More mainlanders are now joining the ranks of Hong Kong’s student population and this creates a very competitive atmosphere. There are differences in mindsets between them and local students. The latter fear they could some day end up in the minority.
They also share the public’s discontent with an ineffective government which fails to make decisions about important issues, and keeps dithering when a decisive response is what is needed.
It is criticised for pushing ahead with major infrastructure projects like the high-speed rail link, without thinking things through and anticipating the problems that have arisen.
Students and other citizens worry that the government will waste a lot of money on some of these projects. Like other students, I wonder if real changes are possible in society.
Katrina Ho, Sheung Shui
Chai Wan site suitable for columbarium
I refer to your editorial (“We all need to rest in peace eventually”, October 5).
Kerry Logistics respects the decision of the Town Planning Board to reject our application to convert an industrial building in Chai Wan into a modern columbarium, although the reasons are not clear to us.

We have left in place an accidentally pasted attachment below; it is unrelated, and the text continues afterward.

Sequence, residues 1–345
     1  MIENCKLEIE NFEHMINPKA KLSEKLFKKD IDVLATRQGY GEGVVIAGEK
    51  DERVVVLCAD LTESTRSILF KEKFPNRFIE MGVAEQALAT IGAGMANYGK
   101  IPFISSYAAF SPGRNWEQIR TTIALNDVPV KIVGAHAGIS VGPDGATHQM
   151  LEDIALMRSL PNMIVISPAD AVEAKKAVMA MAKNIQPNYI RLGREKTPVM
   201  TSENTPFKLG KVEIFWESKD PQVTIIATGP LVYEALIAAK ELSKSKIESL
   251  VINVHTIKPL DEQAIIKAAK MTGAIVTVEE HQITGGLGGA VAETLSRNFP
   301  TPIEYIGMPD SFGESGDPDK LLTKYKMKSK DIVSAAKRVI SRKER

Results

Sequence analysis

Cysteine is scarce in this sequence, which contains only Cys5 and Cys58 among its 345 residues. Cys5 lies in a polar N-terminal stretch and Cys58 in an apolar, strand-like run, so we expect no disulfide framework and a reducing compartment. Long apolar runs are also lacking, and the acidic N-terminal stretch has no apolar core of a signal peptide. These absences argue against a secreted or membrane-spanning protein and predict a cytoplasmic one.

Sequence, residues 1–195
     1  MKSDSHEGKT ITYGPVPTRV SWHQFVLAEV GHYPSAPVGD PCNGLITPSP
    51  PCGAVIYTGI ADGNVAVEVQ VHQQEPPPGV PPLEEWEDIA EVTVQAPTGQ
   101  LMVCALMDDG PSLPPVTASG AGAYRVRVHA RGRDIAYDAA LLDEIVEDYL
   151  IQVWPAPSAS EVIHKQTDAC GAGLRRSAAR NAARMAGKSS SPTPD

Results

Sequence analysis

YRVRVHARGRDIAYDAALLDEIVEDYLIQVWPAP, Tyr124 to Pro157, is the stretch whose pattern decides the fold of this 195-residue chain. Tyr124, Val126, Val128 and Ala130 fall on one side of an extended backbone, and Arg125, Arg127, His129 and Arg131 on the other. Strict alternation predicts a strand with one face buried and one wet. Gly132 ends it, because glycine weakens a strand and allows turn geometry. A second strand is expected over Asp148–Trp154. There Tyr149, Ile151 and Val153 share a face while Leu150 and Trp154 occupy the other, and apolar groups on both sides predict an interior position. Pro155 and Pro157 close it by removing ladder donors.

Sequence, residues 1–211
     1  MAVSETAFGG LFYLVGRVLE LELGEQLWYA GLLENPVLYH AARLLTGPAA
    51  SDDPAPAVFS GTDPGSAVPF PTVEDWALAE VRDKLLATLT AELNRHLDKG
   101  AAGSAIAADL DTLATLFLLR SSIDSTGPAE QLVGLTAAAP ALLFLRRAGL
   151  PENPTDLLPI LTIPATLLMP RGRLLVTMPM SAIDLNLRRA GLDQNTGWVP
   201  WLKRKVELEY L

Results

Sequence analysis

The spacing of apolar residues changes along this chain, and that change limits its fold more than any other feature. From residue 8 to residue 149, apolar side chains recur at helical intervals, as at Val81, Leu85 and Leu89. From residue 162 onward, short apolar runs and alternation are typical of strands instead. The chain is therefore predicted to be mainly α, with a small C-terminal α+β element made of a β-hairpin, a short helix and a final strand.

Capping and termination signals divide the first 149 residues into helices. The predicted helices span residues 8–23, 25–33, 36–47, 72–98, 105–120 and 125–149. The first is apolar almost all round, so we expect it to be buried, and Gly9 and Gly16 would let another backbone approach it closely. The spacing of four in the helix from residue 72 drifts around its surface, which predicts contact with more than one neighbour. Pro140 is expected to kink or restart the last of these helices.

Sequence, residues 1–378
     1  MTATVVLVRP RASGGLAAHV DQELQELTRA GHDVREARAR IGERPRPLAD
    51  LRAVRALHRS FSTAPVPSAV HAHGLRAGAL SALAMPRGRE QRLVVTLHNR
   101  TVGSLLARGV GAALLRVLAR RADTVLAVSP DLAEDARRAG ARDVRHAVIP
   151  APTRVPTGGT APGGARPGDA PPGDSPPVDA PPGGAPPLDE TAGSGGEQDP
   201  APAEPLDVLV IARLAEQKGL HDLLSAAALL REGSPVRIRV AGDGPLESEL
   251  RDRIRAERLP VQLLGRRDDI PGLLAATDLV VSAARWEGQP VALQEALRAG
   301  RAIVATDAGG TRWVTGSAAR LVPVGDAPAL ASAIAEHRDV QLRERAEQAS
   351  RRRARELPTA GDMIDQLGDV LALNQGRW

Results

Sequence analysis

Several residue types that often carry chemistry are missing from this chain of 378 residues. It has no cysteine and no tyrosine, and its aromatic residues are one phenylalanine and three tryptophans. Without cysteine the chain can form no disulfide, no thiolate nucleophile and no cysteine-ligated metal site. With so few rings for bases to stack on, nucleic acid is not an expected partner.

The problem of traffic and crowd control during the two peak periods was fully addressed by Kerry Logistics.
In our submission, we will have an appointment system for visits which can be tightened or relaxed as necessary, depending on actual experience. We are prepared to begin with no visits during the two peak periods if the Transport Department considers that necessary.
As to setting an “undesirable” precedent for rezoning, the conundrum is that there is no zoning for modern columbariums in Hong Kong unlike other cities in Taiwan, Japan, Malaysia and elsewhere.
The Chai Wan site is in fact a very suitable site for a modern columbarium because it is located almost half a kilometre from the nearest residential development and buffered from the rest of the industrial area by a waste treatment plant, a cement plant and by water.
We agree wholeheartedly with you that the serious shortfall in burial places in Hong Kong can only be met by “concerted efforts of the government and the private sector”.
George Yeo, chairman, Kerry Logistics
Alternative to unsafe cubicle flats is urgent
I refer to the report (“Day of anger over those living at industrial buildings”, October 4).